We had the alternate Alexander Hamilton on the night we went, but you’d never know; Ash Hunter was superb. Rachelle Ann Go as his wife Eliza and Rachel John as Angelica Schuyler were excellent, in fine voice both. Jason Pennycooke as Lafayette / Jefferson and Giles Terera as Burr are outstanding, the former bringing a delicious humour to Lafayette. King George turns up just three times, on stage alone, but Michael Jibson’s characterisation is simply brilliant, seemingly looking each audience member, his subjects, in the eye, almost stealing the show. They are supported by a fine ensemble that’s a real tribute to British musical theatre talent.

To take the show to the capital city of the former colonial power seems to me to be as audacious as the show itself. The attentive audience was clearly as enthralled and thrilled as I was. I felt I was at a rare milestone in the history of theatre, an evening I will inevitably have to experience again, probably periodically for years to come.

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I was lucky enough to be passing through Chicago (as one does) when the second incarnation of this show, then named Bounce (it’s first title was Wise Guys), was playing in 2003. It was OK, but seemed a bit slight for Sondheim – a light musical comedy about a con man. Well, this certainly isn’t that show!

From his deathbed, Addison & Wilson Mizner’s father encourages his sons Wilson and Addison to go off and make names for themselves and change the world, as you can only do in the US of A. The story of their attempts to fulfill his wishes start with the Alaska gold rush and ends with a property development in Florida, the idea of which comes from Addison’s new partner (in every sense of the word), rich boy  Hollis Bessemer. In between, the brother’s relationship moves between closeness and antagonism, with Wilson’s con man tendencies and Addison’s relationship with Hollis piling on the pressure.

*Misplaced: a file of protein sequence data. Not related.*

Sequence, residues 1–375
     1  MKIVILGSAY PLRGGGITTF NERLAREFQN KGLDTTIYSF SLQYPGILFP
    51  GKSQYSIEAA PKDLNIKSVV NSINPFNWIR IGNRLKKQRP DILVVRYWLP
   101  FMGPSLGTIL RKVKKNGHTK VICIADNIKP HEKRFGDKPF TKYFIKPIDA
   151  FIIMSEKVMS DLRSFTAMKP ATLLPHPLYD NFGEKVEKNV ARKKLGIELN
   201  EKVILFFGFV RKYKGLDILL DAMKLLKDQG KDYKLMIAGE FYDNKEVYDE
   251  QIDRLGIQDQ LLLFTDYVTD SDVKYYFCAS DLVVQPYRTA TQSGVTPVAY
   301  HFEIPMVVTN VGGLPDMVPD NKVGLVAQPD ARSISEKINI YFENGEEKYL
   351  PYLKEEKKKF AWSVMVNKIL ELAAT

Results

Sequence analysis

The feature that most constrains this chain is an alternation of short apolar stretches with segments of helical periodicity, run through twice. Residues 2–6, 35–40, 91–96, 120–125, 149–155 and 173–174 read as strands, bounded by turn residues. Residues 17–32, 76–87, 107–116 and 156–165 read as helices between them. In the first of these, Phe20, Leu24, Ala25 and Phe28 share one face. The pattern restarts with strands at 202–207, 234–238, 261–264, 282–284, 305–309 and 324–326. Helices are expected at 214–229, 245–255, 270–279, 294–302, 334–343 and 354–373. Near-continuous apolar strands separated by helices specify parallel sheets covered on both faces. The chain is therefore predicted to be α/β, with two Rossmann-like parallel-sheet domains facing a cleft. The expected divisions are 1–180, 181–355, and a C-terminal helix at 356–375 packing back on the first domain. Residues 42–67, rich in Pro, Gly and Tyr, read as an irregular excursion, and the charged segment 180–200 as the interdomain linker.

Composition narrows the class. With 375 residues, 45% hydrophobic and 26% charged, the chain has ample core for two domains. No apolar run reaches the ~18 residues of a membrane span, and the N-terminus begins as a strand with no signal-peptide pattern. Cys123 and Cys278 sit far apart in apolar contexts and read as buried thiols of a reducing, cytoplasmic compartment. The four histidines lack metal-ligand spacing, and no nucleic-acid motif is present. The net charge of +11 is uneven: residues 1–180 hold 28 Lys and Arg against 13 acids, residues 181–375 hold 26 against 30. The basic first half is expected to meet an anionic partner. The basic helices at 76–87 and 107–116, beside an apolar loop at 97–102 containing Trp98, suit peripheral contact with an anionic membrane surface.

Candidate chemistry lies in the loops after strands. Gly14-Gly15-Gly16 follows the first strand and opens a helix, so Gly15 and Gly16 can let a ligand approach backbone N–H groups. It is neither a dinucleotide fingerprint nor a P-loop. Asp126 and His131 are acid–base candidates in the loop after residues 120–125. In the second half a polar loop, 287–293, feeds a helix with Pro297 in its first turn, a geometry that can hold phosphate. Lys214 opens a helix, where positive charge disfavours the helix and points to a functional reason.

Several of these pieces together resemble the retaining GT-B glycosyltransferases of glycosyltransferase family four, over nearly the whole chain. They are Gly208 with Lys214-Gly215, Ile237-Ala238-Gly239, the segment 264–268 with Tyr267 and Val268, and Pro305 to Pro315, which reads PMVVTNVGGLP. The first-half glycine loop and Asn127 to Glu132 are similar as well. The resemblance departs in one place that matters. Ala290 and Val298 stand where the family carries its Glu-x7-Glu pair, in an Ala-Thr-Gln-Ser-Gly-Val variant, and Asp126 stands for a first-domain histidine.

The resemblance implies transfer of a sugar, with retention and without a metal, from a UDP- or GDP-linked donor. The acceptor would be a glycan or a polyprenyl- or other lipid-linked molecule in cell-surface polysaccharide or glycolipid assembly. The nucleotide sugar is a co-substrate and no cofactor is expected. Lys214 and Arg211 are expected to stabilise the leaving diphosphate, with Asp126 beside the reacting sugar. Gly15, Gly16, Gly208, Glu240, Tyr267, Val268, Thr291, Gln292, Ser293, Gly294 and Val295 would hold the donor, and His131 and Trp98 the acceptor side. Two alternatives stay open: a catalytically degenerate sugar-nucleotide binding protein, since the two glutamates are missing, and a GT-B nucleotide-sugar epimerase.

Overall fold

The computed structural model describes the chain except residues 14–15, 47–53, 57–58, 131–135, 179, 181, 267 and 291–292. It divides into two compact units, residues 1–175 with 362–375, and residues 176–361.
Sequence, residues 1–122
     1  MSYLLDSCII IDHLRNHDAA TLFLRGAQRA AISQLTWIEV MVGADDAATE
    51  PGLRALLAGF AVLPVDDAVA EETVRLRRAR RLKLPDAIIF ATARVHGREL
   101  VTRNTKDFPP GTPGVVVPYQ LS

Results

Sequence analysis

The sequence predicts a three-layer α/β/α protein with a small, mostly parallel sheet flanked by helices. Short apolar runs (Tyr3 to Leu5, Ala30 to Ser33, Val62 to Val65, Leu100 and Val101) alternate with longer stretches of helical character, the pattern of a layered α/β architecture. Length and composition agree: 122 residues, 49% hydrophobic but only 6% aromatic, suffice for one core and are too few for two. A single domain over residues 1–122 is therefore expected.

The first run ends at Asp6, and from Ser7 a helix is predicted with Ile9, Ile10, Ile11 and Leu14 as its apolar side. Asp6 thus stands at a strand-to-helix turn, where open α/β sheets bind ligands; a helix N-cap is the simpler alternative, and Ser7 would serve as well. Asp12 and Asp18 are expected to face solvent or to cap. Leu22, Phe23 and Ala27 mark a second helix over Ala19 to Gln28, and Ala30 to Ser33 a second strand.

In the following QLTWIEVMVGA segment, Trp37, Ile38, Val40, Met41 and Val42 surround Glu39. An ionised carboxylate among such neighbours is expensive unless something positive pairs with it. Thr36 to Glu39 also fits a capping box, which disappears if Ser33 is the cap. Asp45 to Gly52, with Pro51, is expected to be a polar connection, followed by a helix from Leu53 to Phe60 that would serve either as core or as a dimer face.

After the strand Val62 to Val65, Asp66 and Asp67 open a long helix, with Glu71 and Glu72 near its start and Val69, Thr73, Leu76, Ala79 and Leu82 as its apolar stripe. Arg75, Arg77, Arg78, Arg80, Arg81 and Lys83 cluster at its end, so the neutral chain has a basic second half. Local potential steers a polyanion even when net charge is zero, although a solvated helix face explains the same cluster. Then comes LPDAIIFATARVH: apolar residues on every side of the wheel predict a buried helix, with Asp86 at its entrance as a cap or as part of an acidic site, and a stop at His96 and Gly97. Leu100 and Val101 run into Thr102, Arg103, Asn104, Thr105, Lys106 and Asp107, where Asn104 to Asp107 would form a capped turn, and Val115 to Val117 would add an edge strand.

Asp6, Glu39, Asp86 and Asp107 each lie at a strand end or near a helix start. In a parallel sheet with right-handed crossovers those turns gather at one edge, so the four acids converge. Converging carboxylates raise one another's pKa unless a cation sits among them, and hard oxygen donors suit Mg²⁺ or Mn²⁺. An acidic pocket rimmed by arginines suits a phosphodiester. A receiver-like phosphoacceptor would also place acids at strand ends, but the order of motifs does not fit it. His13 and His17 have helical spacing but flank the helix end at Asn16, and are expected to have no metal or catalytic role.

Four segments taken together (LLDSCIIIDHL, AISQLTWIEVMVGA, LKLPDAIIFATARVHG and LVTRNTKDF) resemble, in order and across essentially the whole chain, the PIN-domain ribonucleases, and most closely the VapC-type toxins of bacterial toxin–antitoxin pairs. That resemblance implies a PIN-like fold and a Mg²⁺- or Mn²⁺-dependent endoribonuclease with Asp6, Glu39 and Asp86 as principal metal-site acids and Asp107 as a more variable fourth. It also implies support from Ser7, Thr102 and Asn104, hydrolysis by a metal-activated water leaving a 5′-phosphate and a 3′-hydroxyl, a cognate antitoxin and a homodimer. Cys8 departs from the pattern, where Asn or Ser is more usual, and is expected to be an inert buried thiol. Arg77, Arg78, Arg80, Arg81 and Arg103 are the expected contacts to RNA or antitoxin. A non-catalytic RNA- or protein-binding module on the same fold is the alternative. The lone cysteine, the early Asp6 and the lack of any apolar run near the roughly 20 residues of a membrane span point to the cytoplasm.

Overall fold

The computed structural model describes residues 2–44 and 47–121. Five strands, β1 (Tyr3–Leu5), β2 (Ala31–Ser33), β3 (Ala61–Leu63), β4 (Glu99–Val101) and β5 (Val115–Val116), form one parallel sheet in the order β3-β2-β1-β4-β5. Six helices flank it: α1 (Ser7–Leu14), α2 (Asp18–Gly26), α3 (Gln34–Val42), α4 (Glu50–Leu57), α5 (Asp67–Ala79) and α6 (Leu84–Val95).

It had little depth back in 2003 and one was left with a ‘what are you getting at?’ feeling. ‘This is Sondheim; it can’t be as simple as all that’. Following a number of re-writes and productions, and more significantly for me, the fact that it comes after the credit crunch, and we get a show that examines both the American dream and brotherly love. In many ways it resembles Assassins – both in terms of musical style and the fact that both are poking around in the American psyche. This new incarnation does have depth and is now very much a Sondheim show. Thank god he and John Weidman persisted for so long; many would have given up.

John Doyle’s traverse staging has extraordinary pace and intimacy. There’s no set as such, just props piled up at both ends to be brought on when required and a lot of fake money to be thrown around. The 8-piece band under Catherine Jayes play the score superbly. I do think it is musically a bit derivative, though – but of Sondheim himself; there were a number of occasions when I was thinking ‘ I’ve heard that before’.

Michael Jibson and David Badella as the brothers are both absolutely brilliant, with real chemistry between them. Jon Robyns is excellent as Hollis and both Glyn Kerslake and Gillian Bevan make much of the relatively small roles of mama and papa. The tightly knit ensemble of eight play all other characters and constitute a chorus that glides and flows with the story.

It zips along so quickly that I felt I’d not been able to take it all in, so when I got home I booked to go back!